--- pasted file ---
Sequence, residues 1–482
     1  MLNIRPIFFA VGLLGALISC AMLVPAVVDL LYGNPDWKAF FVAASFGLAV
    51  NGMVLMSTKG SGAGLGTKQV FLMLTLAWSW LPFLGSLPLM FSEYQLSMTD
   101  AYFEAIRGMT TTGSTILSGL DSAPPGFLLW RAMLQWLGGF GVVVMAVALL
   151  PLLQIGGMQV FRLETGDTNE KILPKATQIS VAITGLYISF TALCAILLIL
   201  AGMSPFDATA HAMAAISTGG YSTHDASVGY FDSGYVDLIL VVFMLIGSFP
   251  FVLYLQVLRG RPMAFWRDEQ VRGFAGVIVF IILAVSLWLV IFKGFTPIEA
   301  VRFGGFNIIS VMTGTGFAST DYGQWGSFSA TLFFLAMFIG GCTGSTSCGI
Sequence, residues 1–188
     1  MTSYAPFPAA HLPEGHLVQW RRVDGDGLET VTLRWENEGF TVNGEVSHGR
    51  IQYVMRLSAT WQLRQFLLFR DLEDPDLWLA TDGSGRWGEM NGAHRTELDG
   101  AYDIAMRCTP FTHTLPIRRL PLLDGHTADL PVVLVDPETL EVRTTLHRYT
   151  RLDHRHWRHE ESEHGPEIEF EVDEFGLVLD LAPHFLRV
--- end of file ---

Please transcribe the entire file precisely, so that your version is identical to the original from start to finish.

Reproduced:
Sequence, residues 1–482
     1  MLNIRPIFFA VGLLGALISC AMLVPAVVDL LYGNPDWKAF FVAASFGLAV
    51  NGMVLMSTKG SGAGLGTKQV FLMLTLAWSW LPFLGSLPLM FSEYQLSMTD
   101  AYFEAIRGMT TTGSTILSGL DSAPPGFLLW RAMLQWLGGF GVVVMAVALL
   151  PLLQIGGMQV FRLETGDTNE KILPKATQIS VAITGLYISF TALCAILLIL
   201  AGMSPFDATA HAMAAISTGG YSTHDASVGY FDSGYVDLIL VVFMLIGSFP
   251  FVLYLQVLRG RPMAFWRDEQ VRGFAGVIVF IILAVSLWLV IFKGFTPIEA
   301  VRFGGFNIIS VMTGTGFAST DYGQWGSFSA TLFFLAMFIG GCTGSTSCGI
Sequence, residues 1–188
     1  MTSYAPFPAA HLPEGHLVQW RRVDGDGLET VTLRWENEGF TVNGEVSHGR
    51  IQYVMRLSAT WQLRQFLLFR DLEDPDLWLA TDGSGRWGEM NGAHRTELDG
   101  AYDIAMRCTP FTHTLPIRRL PLLDGHTADL PVVLVDPETL EVRTTLHRYT
   151  RLDHRHWRHE ESEHGPEIEF EVDEFGLVLD LAPHFLRV